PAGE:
Science

Global Warming Is Real: Sea Ice Hits New Low

By Rodney Rafols , Dec 06, 2016 09:51 PM EST
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The Poles are especially hit hard by global warming and climate change. As the climate gets warmer, scientists say that ice will melt faster in the Poles. This is already happening and global warming is real, as sea ice hits a new low last November.

High air temperatures and a warm ocean have contributed to sea ice being fewer in the Arctic. Wind patterns have also shifted, which further lessened the chance for much ice to form. The Antarctic has experienced the same situation last month.

Arctic ice did grow a bit faster than average, but even with that slightly faster growth, it was still not enough to overcome a warm sea. The decrease in sea ice is said to be approximately 50,000 square kilometers. This decrease is seen in the Barents Sea, Finland and Eastern Russia. An area north of Norway has also been observed to be experiencing lesser ice.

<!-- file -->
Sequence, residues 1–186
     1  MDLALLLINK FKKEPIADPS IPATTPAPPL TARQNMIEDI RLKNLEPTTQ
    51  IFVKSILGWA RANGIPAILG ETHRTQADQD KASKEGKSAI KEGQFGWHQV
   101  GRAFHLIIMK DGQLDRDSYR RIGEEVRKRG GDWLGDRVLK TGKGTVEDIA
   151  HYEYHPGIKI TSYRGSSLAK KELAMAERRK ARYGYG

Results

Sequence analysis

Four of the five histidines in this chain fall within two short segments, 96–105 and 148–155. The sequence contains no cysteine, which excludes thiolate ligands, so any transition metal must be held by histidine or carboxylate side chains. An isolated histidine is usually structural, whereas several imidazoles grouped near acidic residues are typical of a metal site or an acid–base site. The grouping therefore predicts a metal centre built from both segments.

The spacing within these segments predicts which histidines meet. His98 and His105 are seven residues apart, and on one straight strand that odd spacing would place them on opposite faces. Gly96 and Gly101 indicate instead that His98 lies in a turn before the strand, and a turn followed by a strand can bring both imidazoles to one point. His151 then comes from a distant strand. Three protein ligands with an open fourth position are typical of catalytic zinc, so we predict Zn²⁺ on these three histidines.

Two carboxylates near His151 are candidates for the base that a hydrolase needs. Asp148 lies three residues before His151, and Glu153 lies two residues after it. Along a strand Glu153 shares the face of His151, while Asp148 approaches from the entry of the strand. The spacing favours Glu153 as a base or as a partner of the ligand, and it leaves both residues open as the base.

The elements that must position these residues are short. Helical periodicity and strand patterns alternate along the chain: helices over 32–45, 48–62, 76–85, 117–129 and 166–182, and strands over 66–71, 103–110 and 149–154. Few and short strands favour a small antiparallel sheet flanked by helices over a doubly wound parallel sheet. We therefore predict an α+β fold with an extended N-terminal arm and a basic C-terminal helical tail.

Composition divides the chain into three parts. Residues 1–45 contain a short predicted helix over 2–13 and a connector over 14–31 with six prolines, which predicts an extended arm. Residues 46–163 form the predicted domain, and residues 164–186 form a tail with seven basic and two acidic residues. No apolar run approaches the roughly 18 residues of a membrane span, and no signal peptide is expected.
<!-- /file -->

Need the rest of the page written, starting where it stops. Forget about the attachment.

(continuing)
In 2013 the Arctic had a smaller ice retreat, which covered around 14,000 square kilometers. However, for 2016 it is already now the seventh month that the Arctic has a record low in ice. Scientists are monitoring it, and do expect that there would be an increase in ice coverage as winter approaches.

Sea surface temperature has been high, which has reached as much as four degrees Celsius above normal in Novaya Zemlya and Svalbard. This has prevented ice from forming, according to the University of Colorado Boulder's site. The Antarctic is in the same situation, with sea ice also suffering a decline.

Just like in the Arctic, the Antarctic also has high air temperatures and a warming ocean. Air temperature is around two to four degrees higher than normal, as Science Daily reports. National Snow and Ice Data Center (NSIDC) lead scientist Ted Scambos said that they will look into the situation more closely to see how this has happened.

Climate change continues to make changes in the Poles. Sea ice is not covering them much as they should. Global warming is real. Sea ice has hit a new low last November, and might continue to be so with global warming. A study confirms this, as it said that the Antarctic has already warmed faster in the past.

   

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